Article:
In retrospect, the Judgment of Paris demonstrated that taste in wine is highly subjective, based primarily on experience. Or, in the case of the Judgment of Paris, the lack thereof. You can bet the French judges in 1976 truly believed, when handing in their scores, they were rating French wines higher than California wines. The problem: they had zero experience tasting California wines; they simply awarded the most points to the wines
with greater intensity. Not a problem for modern day California wines.
Today we understand the “best” wines are about more than intensity. There are factors like balance, harmony, sense of place, pedigree, and other terroir-related distinctions. After 1976, the wine-drinking world learned that California examples can be just as interesting as any other, especially in terms of intensity.
Americans have taken this to the bank. We are proud inventors of the 100-point rating system—a myth of another sort. No matter how you slice it, numerical scoring is a way of measuring intensity, largely in lieu of other sensory factors. We may truly want to believe that a 95-point wine
is better than an 89-point wine, but logic tells you that the critics or magazines conjuring these scores are as partial as anyone. All quality ratings are personal—the opposite of objective. It would be like giving The Beatles’ “Yesterday” 95 points and The Rolling Stones’ “Paint It Black” an 89, when in reality you may very much prefer “Paint It Black” and despise “Yesterday.” That is the absurdity of numerical ratings—they never tell you what wines are better for you.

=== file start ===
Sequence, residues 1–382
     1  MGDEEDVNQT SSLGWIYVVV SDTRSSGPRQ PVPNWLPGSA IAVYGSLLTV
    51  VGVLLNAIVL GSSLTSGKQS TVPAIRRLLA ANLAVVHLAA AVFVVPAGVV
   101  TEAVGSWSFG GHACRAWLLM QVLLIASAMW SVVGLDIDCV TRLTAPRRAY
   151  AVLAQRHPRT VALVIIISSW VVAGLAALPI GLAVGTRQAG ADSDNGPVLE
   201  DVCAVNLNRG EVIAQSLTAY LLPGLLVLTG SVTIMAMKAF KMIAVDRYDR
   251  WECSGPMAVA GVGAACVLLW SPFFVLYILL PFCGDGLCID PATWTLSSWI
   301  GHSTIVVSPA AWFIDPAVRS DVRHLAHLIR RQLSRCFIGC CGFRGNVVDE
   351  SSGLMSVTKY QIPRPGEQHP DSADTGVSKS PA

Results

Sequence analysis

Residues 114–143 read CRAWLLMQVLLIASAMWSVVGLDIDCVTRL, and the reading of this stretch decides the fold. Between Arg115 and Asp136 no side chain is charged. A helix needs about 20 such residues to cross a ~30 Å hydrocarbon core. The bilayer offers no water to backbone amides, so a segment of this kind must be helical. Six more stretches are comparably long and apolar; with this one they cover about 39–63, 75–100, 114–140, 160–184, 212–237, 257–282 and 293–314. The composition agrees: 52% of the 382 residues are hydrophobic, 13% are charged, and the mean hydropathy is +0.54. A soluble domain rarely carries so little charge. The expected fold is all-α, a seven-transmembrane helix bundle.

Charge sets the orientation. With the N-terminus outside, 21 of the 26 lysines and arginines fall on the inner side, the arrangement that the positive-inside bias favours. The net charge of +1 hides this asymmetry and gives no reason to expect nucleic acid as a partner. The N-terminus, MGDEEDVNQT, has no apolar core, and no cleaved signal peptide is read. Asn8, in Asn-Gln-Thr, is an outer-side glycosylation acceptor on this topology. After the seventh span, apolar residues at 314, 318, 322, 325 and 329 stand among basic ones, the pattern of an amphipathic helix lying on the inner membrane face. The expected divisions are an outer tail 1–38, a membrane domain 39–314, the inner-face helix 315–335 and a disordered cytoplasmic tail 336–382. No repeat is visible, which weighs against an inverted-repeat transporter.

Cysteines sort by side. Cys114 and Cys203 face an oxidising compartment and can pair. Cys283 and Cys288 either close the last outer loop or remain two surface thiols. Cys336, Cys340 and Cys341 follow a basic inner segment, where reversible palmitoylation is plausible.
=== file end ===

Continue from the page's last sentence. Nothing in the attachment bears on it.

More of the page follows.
One-hundred-point apologists will always say that this is still the best way to advise consumers and celebrate wines. It’s not.
|Photo by Vale Arellano / Unsplash
The New York Times‘ “Times Critics’ Top Books of 2021,” is a round-up of over three dozen works of fiction and nonfiction chosen by five staff critics. Instead of numerical ratings, these writers used what all wine critics should seriously consider when making their assessments: words. They used words to summarize each book, parse distinctions, and highlight their significance—even while pointing out strengths and weaknesses. The benefit: readers receive the information necessary to make their own choices.
It seems perfectly possible to evaluate wines
the same way, without erroneous use of numbers. We just have to start demanding this from the wine media.
Earlier in 2021 a brainy colleague of mine, Deborah Parker Wong, brought up another myth that has always been repeated as gospel: When storing wines, all bottles must be laid on their side to keep corks moist and preventing wines from oxidizing. Research papers going as far back as 2005, however, have clearly demonstrated that this is simply not true. Not only is there more than enough humidity in bottles to keep corks intact and wines fresh, researchers found that wine bottles are probably better off stored upright. If, however, you are storing wines for long-term maturation, you still need to keep bottles as close to optimal temperatures (55° to 60° F) as possible, because temperature, more than anything, is what affects wine